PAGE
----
The Old White TPC will host The Greebrier Classic for the fourth time in as many years, and if we've learned anything from the first three editions it is to expect the unexpected. The winner of the inaugural Greenbrier was Stuart Appleby, closing with a 59 and posting 22-under 258. He was followed by Scott Stallings (10-under) in 2011 and Ted Potter Jr. (16-under) in 2012. Note that the course was lengthened following the 2010 tournament.
The course plays to a par of 70 at 7274 yards, boasting two par 5s (both on the back nine) and four par 3s. Perhaps the most memorable hole on the course is the finishing hole. It is a rather short par 3 with steep ridges dividing the green. The par-3 third is memorable in that there is a massive low point dividing the green in three segments.
Standing out about the first three events is the unexpected champions. While it's easy to say that Appleby, with six prior PGA TOUR wins, wasn't a surprise champion, the truth is it remains his only win on the PGA TOUR since 2006. The 2010 Greenbrier win was only possible with a final-round 59.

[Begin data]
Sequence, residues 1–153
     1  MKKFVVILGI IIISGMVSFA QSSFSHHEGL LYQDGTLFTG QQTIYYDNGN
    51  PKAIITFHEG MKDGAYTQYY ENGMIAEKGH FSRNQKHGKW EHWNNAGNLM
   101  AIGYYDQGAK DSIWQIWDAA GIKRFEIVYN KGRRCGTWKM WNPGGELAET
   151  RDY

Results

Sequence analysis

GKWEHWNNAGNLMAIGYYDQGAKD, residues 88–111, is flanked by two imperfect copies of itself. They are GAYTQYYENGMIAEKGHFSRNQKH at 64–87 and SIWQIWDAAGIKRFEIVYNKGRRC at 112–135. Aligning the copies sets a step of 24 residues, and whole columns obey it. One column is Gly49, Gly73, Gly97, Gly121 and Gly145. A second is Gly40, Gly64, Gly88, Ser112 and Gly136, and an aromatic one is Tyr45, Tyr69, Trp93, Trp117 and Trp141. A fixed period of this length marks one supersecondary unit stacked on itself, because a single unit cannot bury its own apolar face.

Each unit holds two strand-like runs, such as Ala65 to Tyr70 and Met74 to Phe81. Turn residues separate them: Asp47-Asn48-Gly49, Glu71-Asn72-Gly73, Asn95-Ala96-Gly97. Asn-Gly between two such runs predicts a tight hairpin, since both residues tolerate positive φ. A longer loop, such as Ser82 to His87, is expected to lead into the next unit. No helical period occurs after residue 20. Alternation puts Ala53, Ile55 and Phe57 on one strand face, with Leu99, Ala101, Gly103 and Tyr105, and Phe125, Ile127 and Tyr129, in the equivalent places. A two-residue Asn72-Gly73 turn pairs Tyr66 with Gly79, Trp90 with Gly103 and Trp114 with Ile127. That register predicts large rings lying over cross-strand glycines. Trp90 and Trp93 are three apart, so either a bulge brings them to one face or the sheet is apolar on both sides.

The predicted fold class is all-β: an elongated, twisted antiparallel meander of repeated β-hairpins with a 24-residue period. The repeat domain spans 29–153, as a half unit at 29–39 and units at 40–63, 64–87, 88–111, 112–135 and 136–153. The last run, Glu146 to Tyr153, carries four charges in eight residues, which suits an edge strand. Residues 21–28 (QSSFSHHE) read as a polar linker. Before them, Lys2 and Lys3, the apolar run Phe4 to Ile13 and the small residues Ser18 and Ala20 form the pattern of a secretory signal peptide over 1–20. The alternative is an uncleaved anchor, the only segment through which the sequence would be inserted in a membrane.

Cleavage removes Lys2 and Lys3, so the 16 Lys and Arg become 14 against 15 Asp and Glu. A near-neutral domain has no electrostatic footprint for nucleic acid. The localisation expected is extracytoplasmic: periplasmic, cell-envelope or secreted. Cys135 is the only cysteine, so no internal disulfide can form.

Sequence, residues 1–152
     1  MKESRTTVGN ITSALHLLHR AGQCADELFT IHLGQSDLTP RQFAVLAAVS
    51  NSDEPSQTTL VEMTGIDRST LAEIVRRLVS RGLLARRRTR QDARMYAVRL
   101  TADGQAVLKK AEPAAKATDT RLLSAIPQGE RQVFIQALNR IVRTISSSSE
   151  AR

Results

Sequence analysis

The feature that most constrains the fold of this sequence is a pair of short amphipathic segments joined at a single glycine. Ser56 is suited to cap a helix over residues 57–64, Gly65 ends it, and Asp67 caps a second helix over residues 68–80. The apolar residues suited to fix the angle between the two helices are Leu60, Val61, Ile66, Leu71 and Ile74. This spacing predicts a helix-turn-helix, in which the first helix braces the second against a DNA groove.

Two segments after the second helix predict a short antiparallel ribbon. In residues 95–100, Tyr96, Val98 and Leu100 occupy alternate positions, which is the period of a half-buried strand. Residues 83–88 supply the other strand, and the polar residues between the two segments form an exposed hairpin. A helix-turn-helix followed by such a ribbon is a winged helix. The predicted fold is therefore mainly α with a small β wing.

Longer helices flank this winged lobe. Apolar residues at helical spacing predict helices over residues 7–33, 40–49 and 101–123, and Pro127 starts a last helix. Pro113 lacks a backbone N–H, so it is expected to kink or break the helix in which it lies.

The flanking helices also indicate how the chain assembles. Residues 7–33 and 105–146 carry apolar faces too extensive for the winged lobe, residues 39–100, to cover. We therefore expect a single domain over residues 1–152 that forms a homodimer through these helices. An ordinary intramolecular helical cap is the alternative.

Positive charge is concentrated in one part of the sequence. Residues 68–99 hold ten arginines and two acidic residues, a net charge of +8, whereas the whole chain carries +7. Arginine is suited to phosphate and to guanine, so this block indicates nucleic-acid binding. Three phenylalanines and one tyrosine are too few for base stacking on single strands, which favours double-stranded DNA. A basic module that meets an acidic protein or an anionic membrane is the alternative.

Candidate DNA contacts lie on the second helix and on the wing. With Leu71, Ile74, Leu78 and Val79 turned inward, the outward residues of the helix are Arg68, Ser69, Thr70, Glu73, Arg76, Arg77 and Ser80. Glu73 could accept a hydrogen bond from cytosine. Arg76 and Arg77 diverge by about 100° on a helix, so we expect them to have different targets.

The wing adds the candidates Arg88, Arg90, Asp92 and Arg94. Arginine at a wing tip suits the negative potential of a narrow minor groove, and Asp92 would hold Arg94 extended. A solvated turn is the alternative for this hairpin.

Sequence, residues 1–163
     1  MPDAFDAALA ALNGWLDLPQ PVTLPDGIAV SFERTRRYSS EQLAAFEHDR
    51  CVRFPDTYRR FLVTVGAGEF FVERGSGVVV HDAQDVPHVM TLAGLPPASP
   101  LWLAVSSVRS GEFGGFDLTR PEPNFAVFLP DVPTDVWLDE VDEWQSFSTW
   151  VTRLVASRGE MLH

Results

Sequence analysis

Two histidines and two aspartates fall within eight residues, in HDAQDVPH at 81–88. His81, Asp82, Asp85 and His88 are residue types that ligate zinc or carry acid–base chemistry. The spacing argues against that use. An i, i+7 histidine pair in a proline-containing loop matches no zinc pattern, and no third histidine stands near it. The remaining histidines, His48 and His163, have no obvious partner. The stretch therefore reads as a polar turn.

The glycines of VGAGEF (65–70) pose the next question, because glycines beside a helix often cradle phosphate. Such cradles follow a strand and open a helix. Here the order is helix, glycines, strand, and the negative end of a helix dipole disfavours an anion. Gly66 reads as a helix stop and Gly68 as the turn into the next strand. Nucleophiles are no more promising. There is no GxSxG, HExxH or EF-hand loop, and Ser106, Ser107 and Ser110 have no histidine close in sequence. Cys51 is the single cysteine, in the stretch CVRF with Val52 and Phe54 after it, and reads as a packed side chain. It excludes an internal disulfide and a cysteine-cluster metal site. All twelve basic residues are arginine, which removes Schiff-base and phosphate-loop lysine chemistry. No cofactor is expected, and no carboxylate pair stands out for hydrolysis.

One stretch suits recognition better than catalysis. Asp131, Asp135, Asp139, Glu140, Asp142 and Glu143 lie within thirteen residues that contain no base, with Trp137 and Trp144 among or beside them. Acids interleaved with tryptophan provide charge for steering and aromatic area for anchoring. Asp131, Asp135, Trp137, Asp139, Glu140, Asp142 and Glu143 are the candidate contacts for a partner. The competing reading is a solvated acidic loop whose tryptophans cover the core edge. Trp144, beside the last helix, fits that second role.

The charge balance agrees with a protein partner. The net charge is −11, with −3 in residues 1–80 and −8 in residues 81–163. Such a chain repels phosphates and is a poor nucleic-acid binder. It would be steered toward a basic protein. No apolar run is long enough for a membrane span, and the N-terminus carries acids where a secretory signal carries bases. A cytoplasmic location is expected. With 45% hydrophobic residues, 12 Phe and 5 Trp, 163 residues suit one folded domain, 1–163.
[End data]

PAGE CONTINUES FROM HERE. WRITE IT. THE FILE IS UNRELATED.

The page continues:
Scott Stallings picked up his first win in this event in 2011. Since then, he's gone from obscurity to a legitimate TOUR players who contends on a fairly regular basis.
Ted Potter Jr. outlasted Troy Kelly and Charlie Beljan for his first (and only) TOUR win in 2012. While Beljan has notable popped up with a win a Disney in 2012 and a nice run at Riviera in 2013, the other two have largely struggled.
In short, the history of this tournament more closely resembles a mini-tour event than that of a PGA TOUR mainstay. With that, expect birdies to be the order of the week and a hot putter to eventually raise the hardware. If you want to take a look at some stats, I would suggest scoring stats like par breakers and par-4 scoring.
We can begin to hope that with three tournaments in the books, some course history trends can become relevant. When we return tomorrow, we will dive deep into the field and come up with the weekly power rankings.
Until then, happy research!